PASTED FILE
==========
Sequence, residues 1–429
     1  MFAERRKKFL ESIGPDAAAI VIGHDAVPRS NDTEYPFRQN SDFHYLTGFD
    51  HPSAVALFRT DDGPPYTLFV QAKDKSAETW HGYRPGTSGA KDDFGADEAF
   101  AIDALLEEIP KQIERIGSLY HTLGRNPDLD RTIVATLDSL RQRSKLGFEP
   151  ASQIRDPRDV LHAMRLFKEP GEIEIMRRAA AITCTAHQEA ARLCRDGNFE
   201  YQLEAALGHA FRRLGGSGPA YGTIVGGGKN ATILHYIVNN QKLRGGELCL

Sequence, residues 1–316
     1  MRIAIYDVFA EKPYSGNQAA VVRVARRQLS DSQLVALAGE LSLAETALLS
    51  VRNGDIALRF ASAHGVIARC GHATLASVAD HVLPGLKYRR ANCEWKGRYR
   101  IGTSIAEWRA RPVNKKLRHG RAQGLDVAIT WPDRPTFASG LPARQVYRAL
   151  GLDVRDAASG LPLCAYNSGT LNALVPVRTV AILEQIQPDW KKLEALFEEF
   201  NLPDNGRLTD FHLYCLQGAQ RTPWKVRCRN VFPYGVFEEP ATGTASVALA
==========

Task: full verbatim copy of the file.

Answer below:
Sequence, residues 1–429
     1  MFAERRKKFL ESIGPDAAAI VIGHDAVPRS NDTEYPFRQN SDFHYLTGFD
    51  HPSAVALFRT DDGPPYTLFV QAKDKSAETW HGYRPGTSGA KDDFGADEAF
   101  AIDALLEEIP KQIERIGSLY HTLGRNPDLD RTIVATLDSL RQRSKLGFEP
   151  ASQIRDPRDV LHAMRLFKEP GEIEIMRRAA AITCTAHQEA ARLCRDGNFE
   201  YQLEAALGHA FRRLGGSGPA YGTIVGGGKN ATILHYIVNN QKLRGGELCL

Sequence, residues 1–316
     1  MRIAIYDVFA EKPYSGNQAA VVRVARRQLS DSQLVALAGE LSLAETALLS
    51  VRNGDIALRF ASAHGVIARC GHATLASVAD HVLPGLKYRR ANCEWKGRYR
   101  IGTSIAEWRA RPVNKKLRHG RAQGLDVAIT WPDRPTFASG LPARQVYRAL
   151  GLDVRDAASG LPLCAYNSGT LNALVPVRTV AILEQIQPDW KKLEALFEEF
   201  NLPDNGRLTD FHLYCLQGAQ RTPWKVRCRN VFPYGVFEEP ATGTASVALA